Wednesday, December 14, 2005

The Job of Project Manager

I always believe a real good project manager is not one who always resolves crises, the same reason that a real good developer is not one who knows how to fix his own bugs. The reason is simple: it takes more skill to prevent problem than that to resolve problems.

I think a good project manager is one that make sure everything runs smoothly. For example, all the necessary preparations are done before each meeting and all the action items come out of a meeting are being followed in time and properly. Each of the team member knows what the project vision is, knows how to do his or her own job, and is motivated to do the job.

Sounds too vague huh? I agree. And the reason for this bolg is that I finally have something concrete.

For various reason, we are now having an agile development team with a project manager who is not experienced in an agile project. In China, it is very common to have a project manager with technical background, and it is very common for the project manager to help out the development work rather than managing the project.

In order to help the new PM managing this project (rather than checking out the source code and database schema), I asked for Renee, another ThoughtWorker who were the manager of this team to write down a list of responsibilities. It turns out to be very helpful for everybody. She also directed me to this on-line document (Agile Project Management), which is a good read as well.

The following is the list:

Here is a summary of the key responsibilities of a PM on an Agile project:
  • VISION - Establishing a guiding vision for the project and continuously reinforcing it through works and actions.
  • Ensure the team and client understand the vision.
  • Clear up any questions about the vision.
  • Includes timeline, release planning, scope.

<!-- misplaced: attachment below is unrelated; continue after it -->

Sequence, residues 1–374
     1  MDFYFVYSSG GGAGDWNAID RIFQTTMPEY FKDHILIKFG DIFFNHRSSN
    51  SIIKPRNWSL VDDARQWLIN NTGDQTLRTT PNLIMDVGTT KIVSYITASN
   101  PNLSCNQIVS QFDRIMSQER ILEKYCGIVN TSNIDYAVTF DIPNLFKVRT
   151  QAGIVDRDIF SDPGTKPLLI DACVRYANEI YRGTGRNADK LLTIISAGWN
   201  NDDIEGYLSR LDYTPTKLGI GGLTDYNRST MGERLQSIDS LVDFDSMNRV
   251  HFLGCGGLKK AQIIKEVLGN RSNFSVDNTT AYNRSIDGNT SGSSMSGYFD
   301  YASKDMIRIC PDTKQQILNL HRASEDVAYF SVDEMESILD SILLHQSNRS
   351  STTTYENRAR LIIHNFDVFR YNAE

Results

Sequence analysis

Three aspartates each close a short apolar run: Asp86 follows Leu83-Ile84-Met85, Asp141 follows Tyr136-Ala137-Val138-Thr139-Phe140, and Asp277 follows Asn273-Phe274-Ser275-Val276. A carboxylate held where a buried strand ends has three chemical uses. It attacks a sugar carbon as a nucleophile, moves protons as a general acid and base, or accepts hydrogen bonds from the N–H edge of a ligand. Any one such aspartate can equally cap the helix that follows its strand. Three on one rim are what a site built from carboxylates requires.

• TEAMWORK & COLLABORATION - Facilitate collaboration and teamwork through relationships and community.
  • Establish a good relationship with the team and client.
  • The team and client will come to you with issues if they trust you.
  • SIMPLE RULES - Establish and support the teamÂ’s set of guiding practices.
  • Examples include TDD, standups, pair programming, etc..
  • OPEN INFORMATION - Provide open access to information
  • Release plan
  • Story list
  • Progress, velocity
  • Staffing changes
  • LIGHT TOUCH - Apply just enough control to foster emergent order.
  • Demanding control will only cause the team to lose order.
  • Empower team members to do their jobs
  • AGILE VIGILANCE - Constantly monitor and adjust.
  • Hold retrospectives on team progress
An Agile PM needs to be full time on the project. A part-time PM cannot remove obstacles, encourage collaboration, or provide vision. Here are some addition day to day responsibilities:
  • Lead stand-ups
  • Track daily progress
  • Manage release plan
  • Communicate with customer leads
  • Supporting the team and helping the customer to understand project decisions, e.g., why we want to do J2EE without EJB
  • Listening to the developers and team, helping to remove obstacles
  • Risk identification and mitigation
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